Local steel industry advocates are cheering a government decision to set duties on foreign imports that undercut prices fetched by U.S. products used in oil and gas exploration.

The U.S. Department of Commerce has decided that tariffs will be added to imports of steel pipe from nine oil countries: India, South Korea, the Philippines, Saudi Arabia, Taiwan, Thailand, Turkey, Ukraine and Vietnam.

The steel pipe is used mainly in drilling oil and gas wells, and the imports, especially from South Korea, have figured heavily in the recent U.S. drilling boom, including the shale fields in eastern Ohio.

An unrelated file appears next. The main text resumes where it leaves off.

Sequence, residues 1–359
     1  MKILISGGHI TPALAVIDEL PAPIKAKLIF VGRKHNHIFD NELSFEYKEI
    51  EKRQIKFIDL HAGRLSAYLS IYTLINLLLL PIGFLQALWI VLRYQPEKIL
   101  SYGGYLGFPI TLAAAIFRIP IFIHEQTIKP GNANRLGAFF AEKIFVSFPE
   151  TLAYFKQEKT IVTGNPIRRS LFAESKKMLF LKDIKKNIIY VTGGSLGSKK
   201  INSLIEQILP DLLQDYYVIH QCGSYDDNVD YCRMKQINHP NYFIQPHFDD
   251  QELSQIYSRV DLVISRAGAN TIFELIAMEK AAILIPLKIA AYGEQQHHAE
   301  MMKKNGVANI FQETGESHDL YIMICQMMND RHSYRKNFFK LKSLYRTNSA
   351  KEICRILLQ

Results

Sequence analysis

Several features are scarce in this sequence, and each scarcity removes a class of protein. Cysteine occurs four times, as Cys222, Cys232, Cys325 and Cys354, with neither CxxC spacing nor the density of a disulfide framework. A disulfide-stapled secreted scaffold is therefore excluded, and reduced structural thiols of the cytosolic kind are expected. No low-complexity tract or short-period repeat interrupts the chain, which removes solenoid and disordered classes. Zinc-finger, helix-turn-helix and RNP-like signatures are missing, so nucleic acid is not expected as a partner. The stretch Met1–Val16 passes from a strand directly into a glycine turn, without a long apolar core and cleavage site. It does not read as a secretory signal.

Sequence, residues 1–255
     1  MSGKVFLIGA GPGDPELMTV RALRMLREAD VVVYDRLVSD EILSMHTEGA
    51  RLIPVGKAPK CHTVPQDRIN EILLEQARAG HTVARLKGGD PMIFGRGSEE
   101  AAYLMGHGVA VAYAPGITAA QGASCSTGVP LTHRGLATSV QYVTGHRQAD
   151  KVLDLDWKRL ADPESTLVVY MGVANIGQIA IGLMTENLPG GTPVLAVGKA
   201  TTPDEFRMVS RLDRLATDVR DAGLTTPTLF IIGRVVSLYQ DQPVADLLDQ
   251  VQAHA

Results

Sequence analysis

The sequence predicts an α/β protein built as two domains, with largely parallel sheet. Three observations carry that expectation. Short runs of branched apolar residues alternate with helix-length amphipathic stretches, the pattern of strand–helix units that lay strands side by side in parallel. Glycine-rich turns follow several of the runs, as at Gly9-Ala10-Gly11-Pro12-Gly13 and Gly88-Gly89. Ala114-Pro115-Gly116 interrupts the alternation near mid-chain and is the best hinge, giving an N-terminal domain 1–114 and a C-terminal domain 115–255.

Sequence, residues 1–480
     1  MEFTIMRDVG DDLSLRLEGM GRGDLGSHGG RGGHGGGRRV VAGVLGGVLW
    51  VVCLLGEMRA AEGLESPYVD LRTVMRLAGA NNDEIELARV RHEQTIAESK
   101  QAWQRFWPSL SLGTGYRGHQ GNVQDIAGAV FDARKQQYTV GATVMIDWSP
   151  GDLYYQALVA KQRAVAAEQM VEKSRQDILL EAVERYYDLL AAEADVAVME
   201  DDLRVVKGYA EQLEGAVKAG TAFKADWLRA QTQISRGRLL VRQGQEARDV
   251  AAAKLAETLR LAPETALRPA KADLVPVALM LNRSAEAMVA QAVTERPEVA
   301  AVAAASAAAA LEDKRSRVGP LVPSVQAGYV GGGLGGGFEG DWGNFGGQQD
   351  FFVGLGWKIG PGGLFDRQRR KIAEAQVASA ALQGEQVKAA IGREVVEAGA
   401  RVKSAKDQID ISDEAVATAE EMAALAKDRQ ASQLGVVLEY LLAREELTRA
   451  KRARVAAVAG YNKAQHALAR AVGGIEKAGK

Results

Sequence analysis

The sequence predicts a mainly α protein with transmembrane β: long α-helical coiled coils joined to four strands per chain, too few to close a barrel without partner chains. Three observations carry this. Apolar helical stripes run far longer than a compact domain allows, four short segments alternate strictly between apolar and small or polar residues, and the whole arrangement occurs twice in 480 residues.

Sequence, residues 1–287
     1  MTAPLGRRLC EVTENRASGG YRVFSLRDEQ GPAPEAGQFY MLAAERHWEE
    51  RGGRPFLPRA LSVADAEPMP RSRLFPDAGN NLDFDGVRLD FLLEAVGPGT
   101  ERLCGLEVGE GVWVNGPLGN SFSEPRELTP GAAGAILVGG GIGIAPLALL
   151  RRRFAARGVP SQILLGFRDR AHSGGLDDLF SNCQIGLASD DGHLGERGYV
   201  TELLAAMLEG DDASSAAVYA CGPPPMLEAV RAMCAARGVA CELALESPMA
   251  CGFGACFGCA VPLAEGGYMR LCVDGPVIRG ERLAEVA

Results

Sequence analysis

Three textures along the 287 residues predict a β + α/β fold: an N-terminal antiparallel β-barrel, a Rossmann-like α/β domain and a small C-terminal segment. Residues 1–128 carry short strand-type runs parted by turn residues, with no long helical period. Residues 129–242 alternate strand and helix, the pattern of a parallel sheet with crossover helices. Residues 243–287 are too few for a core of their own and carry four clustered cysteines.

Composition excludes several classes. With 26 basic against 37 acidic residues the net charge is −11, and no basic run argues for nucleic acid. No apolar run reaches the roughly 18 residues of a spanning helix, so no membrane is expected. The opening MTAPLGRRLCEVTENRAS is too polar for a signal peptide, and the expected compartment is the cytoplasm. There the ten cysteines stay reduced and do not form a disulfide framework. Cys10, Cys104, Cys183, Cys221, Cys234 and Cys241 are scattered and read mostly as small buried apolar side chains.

"We believe the trade case sets a precedent which will have a positive impact on future import prices, as the affected countries will want to avoid any further trade case investigations," said Dave Mitch, president and chief executive of Houston-based TMK IPSCO, which employs 350 at a plant in Wilder, Kentucky.

TMK was among nine companies that last year petitioned for trade relief, citing concerns that imports were sold at less than fair value in the United States or benefited from a foreign government subsidy. As a result, companies said they were being hurt by a rising number of imports.

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